History San José collects, preserves and celebrates the stories of diversity and innovation in San José and the Santa Clara Valley. Operating in three locations: History Park, a historical and cultural campus featuring 19 partner organizations; the Peralta Adobe-Fallon House Historic Site, one of the oldest and most significant locales in San José; and the Collection Center, the Valley’s collective memory, housing one of the largest regional collections in the State of California.
Empire Fire House & the Pacific Hotel at History Park
History San José’s activities began in 1949 following the centennial celebration of the California Gold Rush and statehood. Known initially as the Historical Museum of San José and managed by the City of San José, History San José was incorporated with its current name as an independent nonprofit organization in 1998.
History Park, nestled in Kelley Park, is a 14-acre town-like assemblage of 32 original and reconstructed homes, businesses, and landmarks highlighting the culture and history of San José and Santa Clara Valley. Complete with paved streets, running trolleys and an old fashion ice cream parlor, History Park and allows you to step back in time. The park welcomes over 125,000 visitors each year and hosts a variety of events and exhibits. One of the most prominent landmarks at History Park is the Electric Light Tower was originally the inspiration of J. J. Owen, editor of the San José Mercury News. In 1881, Owen printed an editorial suggesting that by providing one high and immense source of arc light, the night would become as day for the downtown San José. Straddling the intersection of Santa Clara and Market Streets, the tower proved to be more spectacular than practical, since its 24,000 candlepower failed to sufficiently light the area. Although the tower did not fulfill its original purpose, it became a San Jose landmark. It represented progress to the people of San José because electricity was a relatively new source of power. The tower at History Park is a replica of the original and is 115 feet tall.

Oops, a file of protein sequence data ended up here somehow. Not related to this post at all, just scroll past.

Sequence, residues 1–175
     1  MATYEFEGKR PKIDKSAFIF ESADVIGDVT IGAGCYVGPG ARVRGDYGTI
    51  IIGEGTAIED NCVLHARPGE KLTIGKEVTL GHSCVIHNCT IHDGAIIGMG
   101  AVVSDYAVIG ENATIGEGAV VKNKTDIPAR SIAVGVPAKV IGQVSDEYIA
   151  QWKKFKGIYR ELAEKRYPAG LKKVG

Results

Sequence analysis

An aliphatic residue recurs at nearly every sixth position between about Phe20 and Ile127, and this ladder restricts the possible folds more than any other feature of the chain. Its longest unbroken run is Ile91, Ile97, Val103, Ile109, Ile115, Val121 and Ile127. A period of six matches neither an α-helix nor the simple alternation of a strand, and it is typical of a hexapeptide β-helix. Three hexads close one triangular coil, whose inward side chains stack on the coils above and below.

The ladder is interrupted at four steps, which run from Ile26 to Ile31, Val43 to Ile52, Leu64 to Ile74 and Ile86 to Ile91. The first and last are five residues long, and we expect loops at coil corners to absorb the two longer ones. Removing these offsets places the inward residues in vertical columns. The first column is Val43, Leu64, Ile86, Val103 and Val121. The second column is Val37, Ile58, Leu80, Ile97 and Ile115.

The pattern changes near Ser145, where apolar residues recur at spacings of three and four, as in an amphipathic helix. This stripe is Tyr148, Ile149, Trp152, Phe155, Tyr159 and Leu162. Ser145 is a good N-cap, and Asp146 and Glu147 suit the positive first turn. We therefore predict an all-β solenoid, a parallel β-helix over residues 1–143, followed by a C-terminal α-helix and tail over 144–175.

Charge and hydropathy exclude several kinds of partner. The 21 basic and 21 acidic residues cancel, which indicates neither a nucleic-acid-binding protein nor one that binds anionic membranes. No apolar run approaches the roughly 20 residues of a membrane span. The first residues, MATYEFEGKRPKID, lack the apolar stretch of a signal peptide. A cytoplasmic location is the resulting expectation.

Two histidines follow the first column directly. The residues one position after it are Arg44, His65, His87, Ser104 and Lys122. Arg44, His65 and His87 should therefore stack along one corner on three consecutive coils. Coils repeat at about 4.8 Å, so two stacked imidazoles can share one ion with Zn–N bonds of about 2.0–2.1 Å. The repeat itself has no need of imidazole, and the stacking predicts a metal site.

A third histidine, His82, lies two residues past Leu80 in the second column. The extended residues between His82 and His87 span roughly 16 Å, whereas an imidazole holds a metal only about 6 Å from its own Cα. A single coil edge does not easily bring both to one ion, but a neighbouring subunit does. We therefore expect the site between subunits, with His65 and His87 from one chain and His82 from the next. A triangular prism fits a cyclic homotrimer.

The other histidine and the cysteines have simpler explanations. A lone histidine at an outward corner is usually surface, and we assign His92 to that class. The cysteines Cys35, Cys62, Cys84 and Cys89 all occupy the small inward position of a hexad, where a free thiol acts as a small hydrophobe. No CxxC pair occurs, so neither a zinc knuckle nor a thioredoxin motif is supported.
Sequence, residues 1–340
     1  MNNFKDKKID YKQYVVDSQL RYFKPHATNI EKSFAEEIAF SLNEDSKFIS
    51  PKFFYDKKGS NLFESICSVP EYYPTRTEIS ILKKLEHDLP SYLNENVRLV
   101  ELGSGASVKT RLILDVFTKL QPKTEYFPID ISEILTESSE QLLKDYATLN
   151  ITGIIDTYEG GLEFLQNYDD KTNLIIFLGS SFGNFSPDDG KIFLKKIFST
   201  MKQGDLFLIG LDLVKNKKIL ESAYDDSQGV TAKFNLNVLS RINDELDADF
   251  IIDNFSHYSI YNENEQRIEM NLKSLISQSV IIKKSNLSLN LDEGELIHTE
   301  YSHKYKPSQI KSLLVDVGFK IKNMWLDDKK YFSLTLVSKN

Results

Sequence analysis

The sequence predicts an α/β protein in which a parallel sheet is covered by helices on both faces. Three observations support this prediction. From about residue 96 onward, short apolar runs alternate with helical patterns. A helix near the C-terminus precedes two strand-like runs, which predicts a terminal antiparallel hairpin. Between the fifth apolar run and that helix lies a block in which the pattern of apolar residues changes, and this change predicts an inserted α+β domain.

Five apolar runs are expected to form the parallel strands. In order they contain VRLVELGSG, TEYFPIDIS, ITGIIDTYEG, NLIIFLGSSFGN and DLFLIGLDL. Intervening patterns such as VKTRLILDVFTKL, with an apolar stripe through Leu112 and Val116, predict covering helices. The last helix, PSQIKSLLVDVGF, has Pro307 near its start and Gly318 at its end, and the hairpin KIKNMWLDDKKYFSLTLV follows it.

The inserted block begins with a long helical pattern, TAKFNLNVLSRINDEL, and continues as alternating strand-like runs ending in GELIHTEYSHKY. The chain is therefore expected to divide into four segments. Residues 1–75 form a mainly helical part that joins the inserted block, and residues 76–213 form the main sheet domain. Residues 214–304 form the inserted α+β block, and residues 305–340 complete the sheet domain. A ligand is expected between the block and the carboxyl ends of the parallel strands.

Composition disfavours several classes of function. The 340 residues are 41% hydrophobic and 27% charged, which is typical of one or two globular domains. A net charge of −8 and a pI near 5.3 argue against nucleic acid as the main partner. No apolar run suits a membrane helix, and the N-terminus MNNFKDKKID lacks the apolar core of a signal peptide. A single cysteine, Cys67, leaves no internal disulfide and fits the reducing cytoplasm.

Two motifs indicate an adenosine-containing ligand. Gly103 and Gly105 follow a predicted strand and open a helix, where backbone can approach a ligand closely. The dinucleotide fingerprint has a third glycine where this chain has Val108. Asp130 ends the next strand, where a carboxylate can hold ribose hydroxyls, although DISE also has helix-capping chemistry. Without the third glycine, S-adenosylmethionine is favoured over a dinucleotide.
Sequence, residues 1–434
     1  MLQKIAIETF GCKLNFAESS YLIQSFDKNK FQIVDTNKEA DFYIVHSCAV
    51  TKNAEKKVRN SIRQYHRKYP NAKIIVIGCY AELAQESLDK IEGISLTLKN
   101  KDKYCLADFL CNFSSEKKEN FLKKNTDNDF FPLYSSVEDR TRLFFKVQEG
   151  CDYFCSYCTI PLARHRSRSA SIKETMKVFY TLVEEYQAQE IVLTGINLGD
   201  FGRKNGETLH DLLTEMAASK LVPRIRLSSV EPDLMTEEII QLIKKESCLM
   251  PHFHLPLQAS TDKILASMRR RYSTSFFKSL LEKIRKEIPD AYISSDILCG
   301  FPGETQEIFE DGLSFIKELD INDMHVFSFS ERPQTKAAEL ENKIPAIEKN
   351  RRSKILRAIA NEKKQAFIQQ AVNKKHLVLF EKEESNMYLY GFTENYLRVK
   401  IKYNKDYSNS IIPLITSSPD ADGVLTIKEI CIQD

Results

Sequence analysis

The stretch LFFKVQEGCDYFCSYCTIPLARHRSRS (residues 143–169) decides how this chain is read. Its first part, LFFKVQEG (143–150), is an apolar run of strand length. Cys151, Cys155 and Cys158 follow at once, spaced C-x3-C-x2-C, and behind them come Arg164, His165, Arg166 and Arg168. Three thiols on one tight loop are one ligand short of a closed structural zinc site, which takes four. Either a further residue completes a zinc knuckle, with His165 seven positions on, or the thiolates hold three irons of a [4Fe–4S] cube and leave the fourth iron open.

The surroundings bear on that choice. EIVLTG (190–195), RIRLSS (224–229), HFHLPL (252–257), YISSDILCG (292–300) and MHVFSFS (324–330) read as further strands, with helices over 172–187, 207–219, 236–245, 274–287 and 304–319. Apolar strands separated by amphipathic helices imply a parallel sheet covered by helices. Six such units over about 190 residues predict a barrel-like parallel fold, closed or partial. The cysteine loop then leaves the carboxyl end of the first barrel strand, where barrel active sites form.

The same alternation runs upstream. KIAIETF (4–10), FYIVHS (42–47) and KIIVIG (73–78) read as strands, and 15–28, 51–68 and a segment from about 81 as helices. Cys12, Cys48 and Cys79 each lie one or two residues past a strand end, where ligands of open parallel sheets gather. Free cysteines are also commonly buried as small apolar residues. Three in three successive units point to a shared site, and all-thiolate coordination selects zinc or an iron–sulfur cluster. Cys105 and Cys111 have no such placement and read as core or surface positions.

The Electric Light Tower & Pacific Hotel at History Park
Current exhibits on display at History San José include Slugs, Dingbats, & Tramp Printers! Printing in Santa Clara Valley, which explores the fascinating stories of the local people and companies that helped advance printing technology; and The Wireless Age: Electronics Entrepreneurs Before Silicon Valley, which looks at early electronic pioneers who produced some of the most revolutionary communication devices and laid the foundation for what is Silicon Valley. The Wireless Age features rare artifacts from History San José’s Perham Collection of Early Electronics, including surveillance equipment, radios, televisions, and electronic components. The exhibit opened in conjunction with the first ever San Jose Mini Maker Faire that showcased more than 100 local artists, inventors, tinkerers, and builders!
Historic Trolley at History Park
The Peralta Adobe-Fallon House Historic Site is located in historic San Pedro Square. The 1855 Victorian Fallon House showcases 15 furnished period rooms. Across the street, the Peralta Adobe, built in 1797, is San Jose’s oldest surviving address, and is the only structure remaining from El Pueblo de San José de Guadalupe. History San José offers special programs that recreate the lives, celebrations, music, dance, art and stories of this period in an interactive way that engages the entire family. Both History Park and the Peralta-Fallon Historic Site are field ,trip destinations for local kids, serving over 20,000 students each year!
Hands on History Day's activities at the Peralta Adobe
The History San José Collections Center cares for more than 500,000 artifacts that celebrate the diverse community of San Jose of Santa Clara Valley. More than 1200 researchers from 26 countries use the Research Library and Archive.
Visit History San José’s Google Cultural Institute site to take virtual tours of some of our buildings and browse our online exhibits!
Make sure to visit the History San José during the Western Museums Association 2015 Annual Meeting in the nearby San Jose in October! Visit during the San Jose Stories event on Monday, October 26, 2015.
Muwekma Ohlone History and Heritage
At present there is still nothing on the 10,000 year history and heritage of the Muwekma Ohlone Tribe of the San Francisco Bay Area. Their ancestors built the three Bay Area missions, they took on the surnames of the Bernal, Sunol, and Pico families, they resided on several Indian Rancherias until Phoebe Apperson Hearst and her husband Senator George Hearst purchased the Alisal Rancheria inthe 1880. The Muwekma Tribe was federally recognized through the Homeless California Indian Acts of 1906-1908 and identified as the Verona Band of Alameda County. The Muwekma men served in the Army, Navy, Marines during WWI, WWII, Korea, Vietnam, Desert Storm, and several recently returned back from Iraq. Both the men and women worked in the orchards and canneries in Santa Clara County, on SPRR, Leslie Salt, Spring Valley Water Company and as vaqueros on ranches during the 20th century.
The Tribe has lectured at Stanford, Santa Clara University, San JOse State University and in most of the community colleges and high schools. Recently the Muwekma contributed to Oakland Museum's Above and Below the Bay. It is time for the Ohlone to have a presence at History San Jose!
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